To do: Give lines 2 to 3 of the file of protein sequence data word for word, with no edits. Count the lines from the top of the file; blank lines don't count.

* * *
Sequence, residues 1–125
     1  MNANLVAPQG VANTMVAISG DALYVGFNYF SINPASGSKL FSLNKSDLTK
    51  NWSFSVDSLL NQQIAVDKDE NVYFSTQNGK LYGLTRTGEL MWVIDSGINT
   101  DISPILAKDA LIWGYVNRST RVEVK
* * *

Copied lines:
     1  MNANLVAPQG VANTMVAISG DALYVGFNYF SINPASGSKL FSLNKSDLTK
    51  NWSFSVDSLL NQQIAVDKDE NVYFSTQNGK LYGLTRTGEL MWVIDSGINT